The cinema of Latin America, Asia, and Africa has produced what many critics argue to be the most radical cinema, despite often meager production resources of the overexploited nations interested in participating in cinematic discourse about Western imperialism. Many Third World films of a radical orientation enjoy little if any distribution within the United States; as a consequence, the work of Marxist directors from Latin America or Africa are often lost to all but the most diligent radical scholars. A key example of the problem is Hora de los hornos ( The Hour of the Furnaces , 1967), by the Argentine director Fernando Solanas (b. 1936), with Octavio Getino (b. 1935) and Santiago Alvarez (1919–1998), one of the most radical condemnations, in agitprop form, of American and European imperialism ever filmed, which has yet to appear in the United States in a serviceable video or DVD version. The Cuban filmmaker Santiago Alvarez is perhaps the most renowned documentarian working in a communist country. His rather modest, often satirical agitprop films, such as LBJ (1968), and the tributes to Che Guevara and Ho Chi Minh, Hasta la victoria siempre (Until the Victory Always, 1967), and 79 primaveras ( 79 Springs , 1969), are remarkable works partaking fully of the avant-garde tradition in their satirical montage, their caustic condemnation of imperialism, and their celebration of the international struggle for liberation. Another Cuban filmmaker, Tomás Gutiérrez Alea (1928–1996), offers a sophisticated meditation on liberalism and its hypocritical equivocations in Memorias del subdesarrollo ( Memories of Underdevelopment , 1968).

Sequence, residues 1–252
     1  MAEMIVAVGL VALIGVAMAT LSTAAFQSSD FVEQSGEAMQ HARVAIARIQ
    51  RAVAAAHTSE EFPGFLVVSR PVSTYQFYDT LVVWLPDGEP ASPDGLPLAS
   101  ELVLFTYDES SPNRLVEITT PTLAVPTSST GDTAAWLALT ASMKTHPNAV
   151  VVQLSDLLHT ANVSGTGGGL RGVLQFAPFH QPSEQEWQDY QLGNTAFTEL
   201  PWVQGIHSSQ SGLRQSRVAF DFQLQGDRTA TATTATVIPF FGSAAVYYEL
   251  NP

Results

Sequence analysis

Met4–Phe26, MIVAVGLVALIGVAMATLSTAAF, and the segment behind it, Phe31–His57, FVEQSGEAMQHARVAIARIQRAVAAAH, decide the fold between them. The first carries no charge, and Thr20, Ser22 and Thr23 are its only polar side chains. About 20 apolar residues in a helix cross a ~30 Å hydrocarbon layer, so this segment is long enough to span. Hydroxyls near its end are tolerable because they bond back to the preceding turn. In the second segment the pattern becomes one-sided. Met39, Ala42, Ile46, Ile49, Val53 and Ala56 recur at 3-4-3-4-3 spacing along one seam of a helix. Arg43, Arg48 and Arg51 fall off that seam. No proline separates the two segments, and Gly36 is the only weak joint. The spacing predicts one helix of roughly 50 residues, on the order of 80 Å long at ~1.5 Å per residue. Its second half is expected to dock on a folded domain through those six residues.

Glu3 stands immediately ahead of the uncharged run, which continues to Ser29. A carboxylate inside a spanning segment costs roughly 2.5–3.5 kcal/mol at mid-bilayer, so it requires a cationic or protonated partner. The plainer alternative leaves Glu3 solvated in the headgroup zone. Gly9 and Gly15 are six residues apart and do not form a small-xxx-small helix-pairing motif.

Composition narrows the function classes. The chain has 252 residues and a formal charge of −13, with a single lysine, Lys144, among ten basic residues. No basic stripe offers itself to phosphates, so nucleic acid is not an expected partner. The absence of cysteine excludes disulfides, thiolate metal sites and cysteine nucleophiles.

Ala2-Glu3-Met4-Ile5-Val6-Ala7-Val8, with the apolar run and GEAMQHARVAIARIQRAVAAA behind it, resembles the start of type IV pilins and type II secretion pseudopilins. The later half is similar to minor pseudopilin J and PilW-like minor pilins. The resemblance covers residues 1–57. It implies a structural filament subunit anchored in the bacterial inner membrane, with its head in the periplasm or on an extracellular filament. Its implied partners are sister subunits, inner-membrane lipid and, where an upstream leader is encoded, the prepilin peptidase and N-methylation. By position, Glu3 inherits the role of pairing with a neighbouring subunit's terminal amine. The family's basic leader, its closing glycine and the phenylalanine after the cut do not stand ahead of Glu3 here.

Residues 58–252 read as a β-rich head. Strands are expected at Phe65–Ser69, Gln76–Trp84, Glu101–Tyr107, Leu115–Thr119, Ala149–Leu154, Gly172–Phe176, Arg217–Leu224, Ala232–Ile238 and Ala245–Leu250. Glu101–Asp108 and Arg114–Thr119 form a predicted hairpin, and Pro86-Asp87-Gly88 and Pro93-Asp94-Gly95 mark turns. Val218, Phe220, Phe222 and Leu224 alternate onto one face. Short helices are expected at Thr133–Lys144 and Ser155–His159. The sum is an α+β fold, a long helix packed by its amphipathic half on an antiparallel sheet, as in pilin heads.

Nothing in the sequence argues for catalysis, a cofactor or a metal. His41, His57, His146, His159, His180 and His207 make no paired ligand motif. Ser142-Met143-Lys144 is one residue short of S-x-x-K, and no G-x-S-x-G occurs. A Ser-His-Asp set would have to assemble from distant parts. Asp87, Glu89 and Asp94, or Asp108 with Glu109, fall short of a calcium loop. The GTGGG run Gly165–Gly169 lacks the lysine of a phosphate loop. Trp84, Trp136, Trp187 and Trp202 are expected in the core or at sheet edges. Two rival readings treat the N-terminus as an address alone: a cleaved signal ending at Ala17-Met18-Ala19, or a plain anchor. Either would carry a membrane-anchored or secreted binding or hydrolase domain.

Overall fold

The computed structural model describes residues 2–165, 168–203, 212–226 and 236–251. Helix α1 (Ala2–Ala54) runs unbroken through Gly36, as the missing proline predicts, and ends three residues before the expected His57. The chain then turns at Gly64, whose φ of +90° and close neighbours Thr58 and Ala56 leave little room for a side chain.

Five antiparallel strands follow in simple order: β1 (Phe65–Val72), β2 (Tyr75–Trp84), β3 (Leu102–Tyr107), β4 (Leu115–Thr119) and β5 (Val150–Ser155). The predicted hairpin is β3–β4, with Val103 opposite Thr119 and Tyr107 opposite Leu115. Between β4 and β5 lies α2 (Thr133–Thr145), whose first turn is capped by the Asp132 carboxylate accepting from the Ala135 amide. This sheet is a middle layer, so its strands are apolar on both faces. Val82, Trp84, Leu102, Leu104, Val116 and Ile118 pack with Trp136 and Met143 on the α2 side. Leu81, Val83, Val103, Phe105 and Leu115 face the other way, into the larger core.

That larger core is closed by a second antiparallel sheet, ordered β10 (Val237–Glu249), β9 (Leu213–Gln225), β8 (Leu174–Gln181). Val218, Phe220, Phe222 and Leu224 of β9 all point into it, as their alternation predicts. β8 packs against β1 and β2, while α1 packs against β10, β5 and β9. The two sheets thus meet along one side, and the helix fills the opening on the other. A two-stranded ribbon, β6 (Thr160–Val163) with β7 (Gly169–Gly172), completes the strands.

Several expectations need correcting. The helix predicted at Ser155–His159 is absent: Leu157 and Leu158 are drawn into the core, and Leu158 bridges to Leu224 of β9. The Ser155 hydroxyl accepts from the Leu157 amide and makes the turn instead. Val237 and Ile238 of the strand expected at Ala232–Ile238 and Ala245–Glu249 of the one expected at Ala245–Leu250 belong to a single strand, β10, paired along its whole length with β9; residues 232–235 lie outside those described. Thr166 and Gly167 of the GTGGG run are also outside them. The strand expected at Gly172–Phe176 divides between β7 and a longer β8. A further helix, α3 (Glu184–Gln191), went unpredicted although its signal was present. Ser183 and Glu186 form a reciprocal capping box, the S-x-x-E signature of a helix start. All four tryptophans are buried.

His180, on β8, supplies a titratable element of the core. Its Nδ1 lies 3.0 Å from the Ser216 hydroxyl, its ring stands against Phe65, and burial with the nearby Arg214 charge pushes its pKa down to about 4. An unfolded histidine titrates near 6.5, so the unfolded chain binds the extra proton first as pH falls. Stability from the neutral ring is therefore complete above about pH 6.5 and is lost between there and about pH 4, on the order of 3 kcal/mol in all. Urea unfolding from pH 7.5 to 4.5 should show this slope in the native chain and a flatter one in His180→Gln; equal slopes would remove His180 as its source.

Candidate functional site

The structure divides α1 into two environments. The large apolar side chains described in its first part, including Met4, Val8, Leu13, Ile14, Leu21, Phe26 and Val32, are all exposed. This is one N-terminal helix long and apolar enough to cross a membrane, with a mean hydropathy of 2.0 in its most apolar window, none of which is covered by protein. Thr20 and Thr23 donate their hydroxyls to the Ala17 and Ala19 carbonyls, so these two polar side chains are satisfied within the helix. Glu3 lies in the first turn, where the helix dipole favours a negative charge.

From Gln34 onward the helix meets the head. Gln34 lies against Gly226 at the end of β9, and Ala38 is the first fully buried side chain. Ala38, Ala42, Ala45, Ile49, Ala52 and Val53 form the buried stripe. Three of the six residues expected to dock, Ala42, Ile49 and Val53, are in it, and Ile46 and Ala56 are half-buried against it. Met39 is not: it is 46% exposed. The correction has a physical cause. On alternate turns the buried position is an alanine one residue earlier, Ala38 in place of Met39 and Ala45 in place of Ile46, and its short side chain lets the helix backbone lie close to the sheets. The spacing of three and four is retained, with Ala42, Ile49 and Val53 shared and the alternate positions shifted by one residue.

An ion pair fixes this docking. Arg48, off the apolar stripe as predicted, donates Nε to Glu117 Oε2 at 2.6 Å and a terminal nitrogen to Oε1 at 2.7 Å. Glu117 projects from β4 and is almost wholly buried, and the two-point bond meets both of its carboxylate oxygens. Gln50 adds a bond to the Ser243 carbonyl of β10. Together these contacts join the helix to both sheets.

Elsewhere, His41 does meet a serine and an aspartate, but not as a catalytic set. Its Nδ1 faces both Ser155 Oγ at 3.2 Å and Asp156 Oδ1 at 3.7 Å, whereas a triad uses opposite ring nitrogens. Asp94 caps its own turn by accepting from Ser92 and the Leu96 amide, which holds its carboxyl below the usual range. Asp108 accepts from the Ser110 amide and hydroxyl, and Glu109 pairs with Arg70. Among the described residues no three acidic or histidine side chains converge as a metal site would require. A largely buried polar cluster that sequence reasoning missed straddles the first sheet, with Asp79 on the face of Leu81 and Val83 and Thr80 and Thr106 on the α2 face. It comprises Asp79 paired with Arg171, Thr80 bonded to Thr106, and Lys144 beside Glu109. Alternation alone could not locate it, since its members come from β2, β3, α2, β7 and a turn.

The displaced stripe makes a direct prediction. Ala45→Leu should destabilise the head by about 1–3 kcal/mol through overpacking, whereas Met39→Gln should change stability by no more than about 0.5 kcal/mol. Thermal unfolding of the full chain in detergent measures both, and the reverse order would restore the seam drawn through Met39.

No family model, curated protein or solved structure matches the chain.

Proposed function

Africa's most renowned radical director is perhaps the Senegalese filmmaker Ousmane Sembene (b. 1923), whose films offer sublime, understated challenges to Western imperialism in a career spanning almost forty years. His Emitai (God of Thunder, 1971) is representative of his project of reclaiming African identity as it forces the Western viewer to understand her or his own imagination, and the ways by which this imagination has been projected on Africa. Concerned with the French occupation of Senegal during World War II and a resultant massacre, the film is among the most important postwar challenges by an African filmmaker. Sembene's film Xala ( The Curse , 1975) deconstructs the colonialist mindset as internalized by the colonized—as such, Xala is a kind of cinema reflection on the essential thesis of Frantz Fanon's pivotal 1961 study The Wretched of the Earth . Guelwaar (1992) is an especially relevant comment on conflicts between the Muslim and Christian worlds in contemporary Africa, as it foregrounds the ongoing struggle for freedom from colonialism.
In the Middle East, Iran at the beginning of the twenty-first century seems to have the strongest potential for the production of a radical cinema despite its theocratic government. Dariush Mehrjui (b. 1939) appears an heir to Buñuel in such films as Baanoo ( The Lady , 1999) and Dayereh mina ( The Cycle , 1978). The prolific filmmaker Abbas Kiarostami (b. 1940) has enjoyed much acclaim in recent years for his largely humanist films.